Continuing the series introduced last week, we move into the 1910s decade today. And following the complaints of one of our Sparty writers, I’ve decided to start “including” the coaches from MSU/other newcomers to the conference from the eras that predate their participation in the B1G. I’m fairly certain none of their coaches pre-B1G were any good, so I don’t think it really matters but I guess I’ll have to do my research and you will just have to read on to find out.
During the 1910-1919 era, basketball was still primarily a college activity used to keep football/baseball athletes in shape during the cold winter months in the northern US. The involvement of the US in WWI would contribute greatly to the spread of basketball not only within the US (as soldiers from different parts of the country mingled while also spreading the Spanish Flu) but also to Europe as it would be introduced to France during this time. In the Big Ten*, Ohio State would unfortunately join the conference for the 1913 season and Michigan would rejoin the conference for the 1918 season. The decade would also see 5 national championships** for the conference and one additional undefeated season that didn’t result in a national championship (naturally, Purdue was the team that was robbed).
*Technically the Big Nine for much of this era
**Championships were awarded retroactively by a committee
Outside of the Big Ten, Maryland played only sporadically during this decade. Penn State would field a team each year of the decade, but have no coach for 4 seasons. Rutgers would see the beginning of long time coach Frank Hill’s tenure but otherwise did nothing worth mentioning this decade. Michigan State’s two coaches during this decade were both over .500, but neither accomplished enough to make the rankings.
The decade would also see Joseph Raycroft’s final season at Chicago when his 10-3 record (9-3 in B1G play) would win him a 4th straight Big Ten conference championship in 1910. The 1910s were the beginning of legendary Purdue coach Piggy Lambert’s long tenure, but his successes wouldn’t really get going until the 1920s and 30s.
Embarrassment(s) of the decade:
Louis Gillesby (Northwestern Wildcats)
1906-1910 seasons. Record during decade 0-9 (all conference games)
Gillesby coached Northwestern for 4 seasons and went just 4-28 during his tenure. He is the only Big Ten coach of the 1910s decade to never win a game during the decade as all of his 4 wins came in the 3 seasons he coached in the nineteen aughts.
Stuart Templeton (Northwestern Wildcats)
1910-11 season. 4-15 record (1-12 in conference play).
Templeton only coached one season for the Wildcats and went a disappointing 1-12 in conference play. This was still an improvement over his predecessor.
Arthur Berndt (Indiana Hoosiers)
1913-15 seasons. 6-21 record (2-20 in conference play)
Arthur Berndt had been a multi-sport start at Indiana while a student in the late 1900s, serving as the captain of the football, basketball, and baseball teams. Unfortunately for Berndt, his basketball coaching days would not go as smoothly as his playing days and the Hoosiers struggled under his wing. The baseball team went 19-17 during the same two years in which Berndt was also coaching them so maybe he wasn’t a terrible coach, just not a good basketball coach. The good news for Berndt is that he would remain employed by Indiana University until at least 1942 at which point the Internet stops keeping track of him.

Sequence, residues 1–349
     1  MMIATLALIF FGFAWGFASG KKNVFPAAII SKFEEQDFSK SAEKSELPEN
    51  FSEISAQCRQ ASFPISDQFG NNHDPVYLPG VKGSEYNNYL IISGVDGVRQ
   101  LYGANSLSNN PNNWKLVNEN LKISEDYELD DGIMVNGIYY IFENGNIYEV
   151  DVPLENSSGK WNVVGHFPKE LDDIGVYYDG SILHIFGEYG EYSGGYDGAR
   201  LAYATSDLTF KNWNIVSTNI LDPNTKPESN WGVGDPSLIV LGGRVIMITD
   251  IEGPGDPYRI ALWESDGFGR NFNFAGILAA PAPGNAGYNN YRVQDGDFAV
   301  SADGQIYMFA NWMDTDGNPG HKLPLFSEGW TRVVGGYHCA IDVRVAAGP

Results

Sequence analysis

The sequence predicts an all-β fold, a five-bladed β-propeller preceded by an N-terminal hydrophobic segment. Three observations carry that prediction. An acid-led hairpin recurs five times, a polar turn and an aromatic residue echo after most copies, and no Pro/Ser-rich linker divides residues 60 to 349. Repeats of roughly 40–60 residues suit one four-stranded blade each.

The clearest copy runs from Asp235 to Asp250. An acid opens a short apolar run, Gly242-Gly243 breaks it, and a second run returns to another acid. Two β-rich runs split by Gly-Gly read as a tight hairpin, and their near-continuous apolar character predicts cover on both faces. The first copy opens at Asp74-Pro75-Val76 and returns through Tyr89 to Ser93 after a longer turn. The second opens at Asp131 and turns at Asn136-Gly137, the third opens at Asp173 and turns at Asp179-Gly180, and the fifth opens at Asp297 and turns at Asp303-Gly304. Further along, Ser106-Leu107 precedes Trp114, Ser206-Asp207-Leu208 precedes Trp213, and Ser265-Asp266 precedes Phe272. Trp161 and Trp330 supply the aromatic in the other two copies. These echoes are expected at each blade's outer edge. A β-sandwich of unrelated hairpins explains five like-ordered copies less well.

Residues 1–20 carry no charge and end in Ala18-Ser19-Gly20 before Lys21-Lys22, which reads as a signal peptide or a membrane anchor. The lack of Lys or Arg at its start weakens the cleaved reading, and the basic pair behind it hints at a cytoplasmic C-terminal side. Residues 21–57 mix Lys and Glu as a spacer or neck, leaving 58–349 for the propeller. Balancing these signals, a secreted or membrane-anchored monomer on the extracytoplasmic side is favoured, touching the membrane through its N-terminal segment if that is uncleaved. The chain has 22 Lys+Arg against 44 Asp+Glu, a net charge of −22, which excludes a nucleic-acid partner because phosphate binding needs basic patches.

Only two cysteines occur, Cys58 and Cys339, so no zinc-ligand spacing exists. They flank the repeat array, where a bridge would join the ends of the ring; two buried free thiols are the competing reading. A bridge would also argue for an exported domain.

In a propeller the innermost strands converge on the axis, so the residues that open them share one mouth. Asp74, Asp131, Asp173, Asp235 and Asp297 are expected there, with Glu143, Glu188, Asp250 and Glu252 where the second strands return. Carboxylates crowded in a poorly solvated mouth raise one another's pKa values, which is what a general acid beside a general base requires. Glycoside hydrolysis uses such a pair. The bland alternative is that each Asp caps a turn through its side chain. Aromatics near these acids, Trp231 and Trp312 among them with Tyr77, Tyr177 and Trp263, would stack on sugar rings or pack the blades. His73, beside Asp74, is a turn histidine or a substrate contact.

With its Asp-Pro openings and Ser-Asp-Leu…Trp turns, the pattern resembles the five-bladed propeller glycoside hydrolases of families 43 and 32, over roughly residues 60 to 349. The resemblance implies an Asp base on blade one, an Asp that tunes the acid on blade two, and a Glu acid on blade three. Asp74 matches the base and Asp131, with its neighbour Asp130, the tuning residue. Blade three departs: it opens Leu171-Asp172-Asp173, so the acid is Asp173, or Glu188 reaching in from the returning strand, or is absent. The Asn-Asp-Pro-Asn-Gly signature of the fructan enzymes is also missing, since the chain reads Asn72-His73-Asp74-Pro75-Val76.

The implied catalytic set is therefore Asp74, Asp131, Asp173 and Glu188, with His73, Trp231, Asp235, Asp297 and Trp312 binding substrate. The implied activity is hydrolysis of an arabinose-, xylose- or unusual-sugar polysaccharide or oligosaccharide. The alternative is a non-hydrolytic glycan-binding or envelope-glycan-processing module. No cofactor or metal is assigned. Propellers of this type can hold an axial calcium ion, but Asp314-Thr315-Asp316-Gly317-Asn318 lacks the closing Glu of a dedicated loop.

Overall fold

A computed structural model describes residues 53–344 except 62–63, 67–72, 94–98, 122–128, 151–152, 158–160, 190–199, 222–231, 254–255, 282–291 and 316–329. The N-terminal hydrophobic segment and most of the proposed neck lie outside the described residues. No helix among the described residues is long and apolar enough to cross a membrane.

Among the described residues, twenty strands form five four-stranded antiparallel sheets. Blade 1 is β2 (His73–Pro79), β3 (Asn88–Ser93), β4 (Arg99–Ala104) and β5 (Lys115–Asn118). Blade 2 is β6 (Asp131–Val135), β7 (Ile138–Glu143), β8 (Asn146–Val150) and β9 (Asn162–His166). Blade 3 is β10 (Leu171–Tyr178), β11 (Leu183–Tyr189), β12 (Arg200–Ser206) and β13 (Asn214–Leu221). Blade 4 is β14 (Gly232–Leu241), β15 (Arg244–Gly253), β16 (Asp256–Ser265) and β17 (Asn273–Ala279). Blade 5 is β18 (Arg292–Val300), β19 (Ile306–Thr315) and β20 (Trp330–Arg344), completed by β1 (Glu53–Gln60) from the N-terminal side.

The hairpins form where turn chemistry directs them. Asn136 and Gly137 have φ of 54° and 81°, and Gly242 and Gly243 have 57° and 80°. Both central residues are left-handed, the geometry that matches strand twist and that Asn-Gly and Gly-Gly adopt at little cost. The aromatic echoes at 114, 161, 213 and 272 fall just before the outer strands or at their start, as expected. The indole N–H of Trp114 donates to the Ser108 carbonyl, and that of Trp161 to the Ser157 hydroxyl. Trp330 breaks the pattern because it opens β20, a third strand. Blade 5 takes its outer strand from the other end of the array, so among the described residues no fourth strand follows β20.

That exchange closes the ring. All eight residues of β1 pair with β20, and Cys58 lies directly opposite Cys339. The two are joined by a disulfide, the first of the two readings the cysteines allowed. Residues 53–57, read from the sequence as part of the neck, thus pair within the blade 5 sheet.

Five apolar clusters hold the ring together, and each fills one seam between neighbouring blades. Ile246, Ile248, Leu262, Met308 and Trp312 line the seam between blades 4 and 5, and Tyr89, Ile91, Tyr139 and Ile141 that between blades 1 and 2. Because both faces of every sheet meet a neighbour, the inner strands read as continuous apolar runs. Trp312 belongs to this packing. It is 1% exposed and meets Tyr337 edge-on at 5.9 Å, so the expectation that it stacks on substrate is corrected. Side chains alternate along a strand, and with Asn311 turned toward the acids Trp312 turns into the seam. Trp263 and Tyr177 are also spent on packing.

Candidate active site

Ewald O. Stiehm (Nebraska Cornhuskers)
1911-1915 seasons. 56-14 record (33-5 record in Missouri Valley), 3 Missouri Valley Conference North division championships (1912, 1913, 1914)
Stiehm was the first full time basketball coach of the Cornhuskers and in his first season went 14-1, falling only to the Gophers of Minnesota. Stiehm went undefeated 3 straight years in Missouri Valley play before falling to 2nd place in his 4th season at Nebraska. He is probably better known for his football coaching days at Nebraska where he went 35-2-3 winning the Missouri Valley 5 straight years from 1911-1915. Following the 1914-15 school year, Stiehm would take his talents to Bloomington to be the athletic director and coach football for the Hoosiers. Of course, as all Nebraska football fans now know, he realized that coaching in the Big Ten was harder than coaching elsewhere and he only managed a 20-18-1 record at Indiana (5-10-1 in conference play). Stiehm also coached the Hoosiers basketball team for the 1919-20 season going 13-8 (6-4) to finish in 4th place.
Sam Waugh (Nebraska Cornhuskers)
1915-16 season. 13-1 record (12-0 record in Missouri Valley), 1 Missouri Valley Conference championship (1916)
It’s difficult to provide much information on Waugh since the Huskers dot com website says only the following about him: “Head Coach”. Still, the man did go 13-1 and undefeated in conference play in his one season of coaching basketball and that deserves mentioning.
The Top Whatever of the Decade - this decade it is 3:
No. 3: Louis Cooke (Minnesota Golden Gophers)
Coached from 1898-1924. Record during the decade: 99-49 (66-46 in conference play), 3 conference titles (1911 shared, 1917 shared, 1919 outright), 1919 Helms National Champion
As detailed last week, Cooke had early success during the first years of Big Ten basketball. While he would follow that up with a shared conference title in 1911, the next 5 seasons were somewhat of a downturn during Cooke’s coaching tenure as they never saw less than 6 losses in a season and included 2 losing records. Cooke and the Gophers would recover in the final three years of the decade with two more conference titles and their second Helms Foundation Championship under Cooke. His overall career is arguably better than #2 on this decade’s list, but Cooke falls in the number 3 slot for the decade due to having less conference championships and a mini downturn during the middle of the decade.
If you are wondering why the Gophers were such a dominating force in early college basketball, note that Cooke came to Minneapolis in the 1890s to be the director of the Minneapolis YMCA. You may recall from last week that YMCA played a major role in the early spread of basketball. Furthermore, Minnesota played in the first college basketball game between two universities in 1895 when they played Hamline University out of St. Paul. At the time Minnesota was Minnesota A&M and the game still involved 9 players from each side on the court at the same time. But Minnesota’s early involvement in the college game and Cooke’s history with the YMCA positioned him well for a great coaching career.
Although Cooke would continue coaching into the early part of the 1920s, now is a good time to sum up his accomplishments at Minnesota since the 1919 season was the last major success of his career. Louis Cooke coached Minnesota basketball for 26 seasons from 1898 through 1924. Per Sports Reference, in 380 games his record was 248-131. Due to the lack of accurate records from the time period that is disputed. The Gophers media guide puts his all time record at 250-135-2. Others have put his record at 254-142-3 or 245-137-2. Under his guidance the Gophers won 5 conference championships and 2 national titles retroactively awarded by the Helms Foundation. His teams went undefeated 3 times. Cooke is by far the winningest coach in Gophers basketball history and has more conference titles than the rest of the Gophers men’s basketball coaches combined.